By Rita Pyrillis
Feb. 14, 2013
There are more cancer survivors in the workplace than ever before, and that’s great news, but it also presents a challenge to employers struggling to control health care costs while improving the quality of care for their employees.
More than 1.7 million people will be diagnosed with cancer this year in the U.S.; nearly half will be between 19 and 64 years old, according to the American Cancer Society. And almost 90 percent of survivors under 55 years old will return to work within a year of their diagnosis.
To help employers develop a comprehensive approach to managing cancer in the workplace, the National Business Group on Health, an association of more than 300 large U.S. employers, and the National Comprehensive Cancer Network, a nonprofit alliance of leading cancer centers, plan to release an employer’s guide to cancer care later this year.
“The need for resources to help employee benefit managers address cancer in the workplace was becoming apparent,” says Liz Danielson, director of payer and employer initiatives at the cancer network, which is based in Fort Washington, Pennsylvania. “Most employee benefit directors are good generalists, but very few have the time and expertise to delve into cancer-related issues.” The organization “considers this to be an extremely important project that will benefit employers, patients, caregivers and providers of cancer care alike.”
An Employer’s Guide to Cancer Treatment and Prevention is part of a three-year initiative to raise awareness and help employers develop a standardized approach to cancer care through recommendations around benefit design, vendor management and plan administration. The publication is a compilation of online tool kits that the organizations began posting on their websites in 2011. The benefit design tool kit has been downloaded more than 41,000 times, says Ron Finch, vice president of the National Business Group on Health.
The tool kits address a wide range of issues, including medical, pharmacy and behavioral health benefits, cancer prevention and wellness, employee assistance programs, family medical leave, disability, survivorship and employee communications.
Among the recommendations is that the benefit plans include access “to a wide range of adult and pediatric cancer care providers,” including oncologists, hematologists, surgeons who specialize in cancer, palliative care specialists, rehabilitation specialists, pathologists and other specialties. Plans should also include access to a center of excellence program for cancer treatment, provide travel and lodging assistance to transplant patients, and include coverage for hospice care, consultations about end of life, genetic testing and counseling, and a host of other benefits. The group also recommends contracting with a pharmacy benefit provider that covers evidence-based cancer treatment.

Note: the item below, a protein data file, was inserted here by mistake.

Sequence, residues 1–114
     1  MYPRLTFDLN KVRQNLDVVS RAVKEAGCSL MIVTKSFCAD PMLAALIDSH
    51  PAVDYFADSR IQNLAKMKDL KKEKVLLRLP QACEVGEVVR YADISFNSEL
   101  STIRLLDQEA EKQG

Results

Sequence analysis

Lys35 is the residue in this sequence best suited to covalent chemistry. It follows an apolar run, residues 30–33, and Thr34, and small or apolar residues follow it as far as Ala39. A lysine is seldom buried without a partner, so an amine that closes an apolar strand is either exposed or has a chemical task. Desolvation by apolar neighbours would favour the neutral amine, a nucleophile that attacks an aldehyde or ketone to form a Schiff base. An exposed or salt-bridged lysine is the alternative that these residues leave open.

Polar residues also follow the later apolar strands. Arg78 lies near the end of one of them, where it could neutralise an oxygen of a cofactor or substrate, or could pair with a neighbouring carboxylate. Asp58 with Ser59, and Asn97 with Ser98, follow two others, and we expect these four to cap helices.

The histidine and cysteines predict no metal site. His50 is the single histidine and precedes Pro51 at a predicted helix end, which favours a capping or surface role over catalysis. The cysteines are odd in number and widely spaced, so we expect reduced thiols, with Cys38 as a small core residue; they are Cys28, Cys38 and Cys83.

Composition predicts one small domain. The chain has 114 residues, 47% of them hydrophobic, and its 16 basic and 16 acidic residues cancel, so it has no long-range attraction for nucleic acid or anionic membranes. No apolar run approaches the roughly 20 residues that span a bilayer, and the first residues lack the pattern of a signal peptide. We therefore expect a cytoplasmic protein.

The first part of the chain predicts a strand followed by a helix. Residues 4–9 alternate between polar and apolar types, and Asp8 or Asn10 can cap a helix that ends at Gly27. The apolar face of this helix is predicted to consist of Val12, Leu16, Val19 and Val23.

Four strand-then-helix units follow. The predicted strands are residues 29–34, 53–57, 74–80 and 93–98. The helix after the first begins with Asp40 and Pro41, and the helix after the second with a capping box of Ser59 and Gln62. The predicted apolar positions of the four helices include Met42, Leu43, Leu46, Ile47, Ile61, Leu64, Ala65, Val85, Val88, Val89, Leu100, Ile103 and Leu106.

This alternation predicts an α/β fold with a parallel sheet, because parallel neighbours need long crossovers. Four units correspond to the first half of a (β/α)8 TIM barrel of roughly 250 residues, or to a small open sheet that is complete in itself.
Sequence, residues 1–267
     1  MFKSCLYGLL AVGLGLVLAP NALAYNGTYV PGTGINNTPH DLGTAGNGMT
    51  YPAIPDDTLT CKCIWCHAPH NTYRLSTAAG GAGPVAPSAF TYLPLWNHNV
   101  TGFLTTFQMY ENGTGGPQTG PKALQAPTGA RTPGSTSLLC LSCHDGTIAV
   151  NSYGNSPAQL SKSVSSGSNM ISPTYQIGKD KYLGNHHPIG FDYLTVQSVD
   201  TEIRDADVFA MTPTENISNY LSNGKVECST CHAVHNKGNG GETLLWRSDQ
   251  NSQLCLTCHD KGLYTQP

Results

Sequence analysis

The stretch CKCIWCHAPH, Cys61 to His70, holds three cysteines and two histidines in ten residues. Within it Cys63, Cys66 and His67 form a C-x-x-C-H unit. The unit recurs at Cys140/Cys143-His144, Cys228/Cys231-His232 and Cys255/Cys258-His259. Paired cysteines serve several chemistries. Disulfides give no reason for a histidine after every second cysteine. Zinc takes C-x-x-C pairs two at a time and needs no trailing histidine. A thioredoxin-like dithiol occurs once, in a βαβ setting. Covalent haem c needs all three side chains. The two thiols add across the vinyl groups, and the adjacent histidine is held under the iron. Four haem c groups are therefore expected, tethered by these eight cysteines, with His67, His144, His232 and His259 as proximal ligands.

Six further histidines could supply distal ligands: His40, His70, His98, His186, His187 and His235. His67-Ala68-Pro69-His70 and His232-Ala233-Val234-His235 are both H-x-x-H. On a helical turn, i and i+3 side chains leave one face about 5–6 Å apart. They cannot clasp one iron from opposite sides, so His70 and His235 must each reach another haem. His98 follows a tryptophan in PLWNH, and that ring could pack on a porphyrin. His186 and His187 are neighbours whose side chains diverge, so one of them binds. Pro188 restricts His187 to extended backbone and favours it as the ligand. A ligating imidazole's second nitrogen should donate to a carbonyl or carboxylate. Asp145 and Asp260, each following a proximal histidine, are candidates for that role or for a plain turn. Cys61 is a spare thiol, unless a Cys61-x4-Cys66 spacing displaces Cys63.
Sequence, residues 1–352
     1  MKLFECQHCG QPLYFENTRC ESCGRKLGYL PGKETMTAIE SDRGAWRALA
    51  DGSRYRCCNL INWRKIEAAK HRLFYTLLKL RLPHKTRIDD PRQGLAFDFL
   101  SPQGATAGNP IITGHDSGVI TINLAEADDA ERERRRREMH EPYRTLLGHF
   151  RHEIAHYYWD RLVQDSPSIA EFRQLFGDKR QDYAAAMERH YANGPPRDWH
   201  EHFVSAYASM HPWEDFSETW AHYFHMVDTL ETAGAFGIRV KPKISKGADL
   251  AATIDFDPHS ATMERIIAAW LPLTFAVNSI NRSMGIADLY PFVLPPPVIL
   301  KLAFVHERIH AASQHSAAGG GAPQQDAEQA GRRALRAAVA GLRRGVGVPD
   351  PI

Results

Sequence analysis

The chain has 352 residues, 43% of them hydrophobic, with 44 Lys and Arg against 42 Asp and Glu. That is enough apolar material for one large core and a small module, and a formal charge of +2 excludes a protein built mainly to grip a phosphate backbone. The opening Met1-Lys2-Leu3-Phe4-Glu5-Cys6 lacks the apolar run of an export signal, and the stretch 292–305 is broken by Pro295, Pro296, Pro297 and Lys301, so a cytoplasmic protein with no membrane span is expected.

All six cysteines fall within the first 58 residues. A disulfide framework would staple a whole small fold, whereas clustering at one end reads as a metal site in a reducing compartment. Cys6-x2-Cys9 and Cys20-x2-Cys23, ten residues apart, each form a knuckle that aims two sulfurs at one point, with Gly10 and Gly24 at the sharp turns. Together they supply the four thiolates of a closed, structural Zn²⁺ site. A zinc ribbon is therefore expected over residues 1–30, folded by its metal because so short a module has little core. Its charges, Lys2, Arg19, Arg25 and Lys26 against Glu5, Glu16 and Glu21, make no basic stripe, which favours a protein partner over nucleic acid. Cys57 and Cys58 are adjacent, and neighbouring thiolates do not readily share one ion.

“An employee’s ability to be productive, and even to continue working, will depend in part on the kind of benefits and support resources available,” Danielson says. “This is true whether the employee is dealing with his or her own cancer or is providing support for a loved one who has cancer. Employers can help reduce these costs by providing well-designed benefits and programs, including disability, family medical leave and employee assistance programs.”
Although cancer strikes just 1.6 percent of the workforce, disease-related costs account for 10 percent of health care spending for employers and that number is going up because of the rising cost of treatment. Cancer care costs employers an estimated $264 billion a year in health care and lost productivity, according to 2012 figures from the American Cancer Society.
Rita Pyrillis is Workforce’s senior writer. Comment below or email email@example.com.
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